Reduce risk of heart disease with the Polypill

This paper published in the British Medical Journal ranks among my favorite, but there’s an even better sequel to it that I will review next.

The concept of a Polypill was introduced in 2003 by Wald and Law as a combination of medications and vitamins that would significantly reduce the risk of heart disease in a population.  Obviously, medications are no substitute for a healthy lifestyle, as there is inherent risk to taking any exogenous substance.  Their approach, however, was a theoretical look at combining the pharmaceutical agents and vitamins that have the best evidence for lowering cardiovascular disease risk.

They focused on the following cardiovascular risk factors:

  • Hypertension (elevated blood pressure)
  • Homocysteine
  • Platelet function

Evidence of cardiovascular disease risk reduction was based on analysis of previously published results. 

  • LDL cholesterol would be treated with a statin.
  • Hypertension would be treated with a 3-drug combination of the 5 main classes of blood pressure medications (thiazide diuretics, beta-blockers, ACE inhibitors, angiotensin II receptor blockers, and calcium channel blockers).
  • Homocysteine would be reduced with folic acid supplementation.
  • Platelet function would be addressed with aspirin.

Without going into detail about the numbers, let’s just take a look at the final analysis.  Wald and Law estimated that the cumulative risk reduction of treating all 4 of these factors by the Polypill would reduce risk of ischemic heart disease (e.g. heart attacks) by 88% and risk of stroke by 80%.

Previous studies have demonstrated that treating one risk factor has the same proportional effect (same percentage reduction) on risk irregardless of the other risk factors, so treating each risk factor does contribute an additive effect on risk reduction.

On average, they predict that this approach could result in a gain of 11-12 years of like free from heart attack or stroke for each person taking such a regimen.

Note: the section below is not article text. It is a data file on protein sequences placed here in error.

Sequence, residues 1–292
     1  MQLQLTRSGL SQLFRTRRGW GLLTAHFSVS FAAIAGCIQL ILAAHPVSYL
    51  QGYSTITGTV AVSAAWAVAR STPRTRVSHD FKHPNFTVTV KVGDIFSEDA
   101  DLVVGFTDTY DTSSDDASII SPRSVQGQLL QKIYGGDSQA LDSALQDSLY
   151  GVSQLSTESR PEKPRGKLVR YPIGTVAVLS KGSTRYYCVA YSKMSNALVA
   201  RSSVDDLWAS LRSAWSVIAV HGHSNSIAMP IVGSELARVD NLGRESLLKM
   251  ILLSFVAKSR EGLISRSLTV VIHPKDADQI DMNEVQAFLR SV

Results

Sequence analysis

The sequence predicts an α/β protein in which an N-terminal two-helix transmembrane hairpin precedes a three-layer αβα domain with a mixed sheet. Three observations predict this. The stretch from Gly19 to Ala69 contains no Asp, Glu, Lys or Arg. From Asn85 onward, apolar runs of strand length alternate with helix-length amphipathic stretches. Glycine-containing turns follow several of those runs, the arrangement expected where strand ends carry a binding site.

Side effects from a component of this drug combination were estimated to affect 8-15% of individuals, most concerning of which would be bleeding from aspirin.

Heart disease is still the #1 cause of death in the US, and not everyone wants to take medications indefinitely to reduce their risk of heart disease.  So, who would be a candidate for this Polypill?  For individuals at relatively low risk for cardiovascular disease, there is no known significant benefit to an approach like this.  Oftentimes, the risk of side effects will outweigh benefits.  For people at high risk of heart disease, however, there may be some credence to such an approach, particularly older individuals or those with history of vascular disease.

Again, remember that this is purely a theroretical approach to reducing heart disease based on previously published studies demonstrating risk reductions of the various components of the drug combination.  In a health system that recognizes the importance of preventive medicine, this Polypill may one day become a reality.


3 Responses to “Reduce risk of heart disease with the Polypill”

  1. In the UK it is standard practice to prescribe a statin, an ACE inhibitor or an angiotensin and aspirin to everyone who has had a heart attack. Having 3 different drugs enables the strength of each to be altered on an individual basis. The problem with a Polypill would be how the dosages of each ingredient could be changed.


  2. I agree, Paul. Although, as a purely preventative measure, the Polypill would not necessarily demand dose adjustment.
    Combination medications are a big deal with the drug companies now – I steer clear of most of these combos for this very reason – there are too many times when I want to adjust only one component, and it becomes very expensive to a patient to do so. I do like to create simple medication regimens for patients, but the combo medication market is getting carried away.

  3. Weight Loss Pill Identifier Pills…

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